A recurrent theme through the COVID crisis is that it has given us all time to pause and reflect what is important in life. In the past two weeks, while our priorities changed to opening our clinic safely for all our patients, the world shifted again to bring into focus the inequalities that people of colour face.
We have always prided ourselves to offering care and services to everyone equally.
What we have missed is that some patients may not have the access or ability to receive these services.
In 2018 the Canadian Institute for the Blind (CNIB) conducted a study and found:
• Canada is behind the U.S. and Australia for providing eye care services to indigenous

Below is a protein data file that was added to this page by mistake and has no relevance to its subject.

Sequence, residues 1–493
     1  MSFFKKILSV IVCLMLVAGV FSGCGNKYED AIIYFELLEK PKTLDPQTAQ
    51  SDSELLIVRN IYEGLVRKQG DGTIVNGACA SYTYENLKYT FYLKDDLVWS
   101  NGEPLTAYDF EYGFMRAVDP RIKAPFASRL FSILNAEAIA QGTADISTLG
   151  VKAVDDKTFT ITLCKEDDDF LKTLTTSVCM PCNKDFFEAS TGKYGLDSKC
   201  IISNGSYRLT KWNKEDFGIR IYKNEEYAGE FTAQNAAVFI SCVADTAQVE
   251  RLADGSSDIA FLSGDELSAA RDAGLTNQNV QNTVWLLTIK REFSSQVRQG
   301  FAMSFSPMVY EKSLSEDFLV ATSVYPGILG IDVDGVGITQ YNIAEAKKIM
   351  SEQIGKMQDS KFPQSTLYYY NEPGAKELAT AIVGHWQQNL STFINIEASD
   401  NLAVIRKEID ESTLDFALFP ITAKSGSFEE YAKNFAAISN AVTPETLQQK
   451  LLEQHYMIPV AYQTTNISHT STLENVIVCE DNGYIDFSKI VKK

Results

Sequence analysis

• Indigenous children are likely to exhibit high levels of astigmatism (a type of prescription
we can correct with glasses) with high levels of uncorrected glasses prescriptions and
poor compliance with wearing glasses.
• Over the last two decades, the percentage of Canada’s Indigenous population living
with diabetes increased to 20%, putting them at increased risk of diabetic retinopathy
leading to vision loss.
• Indigenous Canadians with permanent and severe vision loss lack access to
rehabilitation services in their communities.
I can, without a doubt, tell you I see those last 3 points in my clinic on a weekly basis.
It is our duty as healthcare professionals to do more. We are working on ways to help support the populations that need us most. We have taken time in the past 2 weeks to reflect, listen and put a plan in place to effect change.
A donation has been made to True North Aid to start. Our next goal is to create a plan to turn our focus locally and support those who need it most.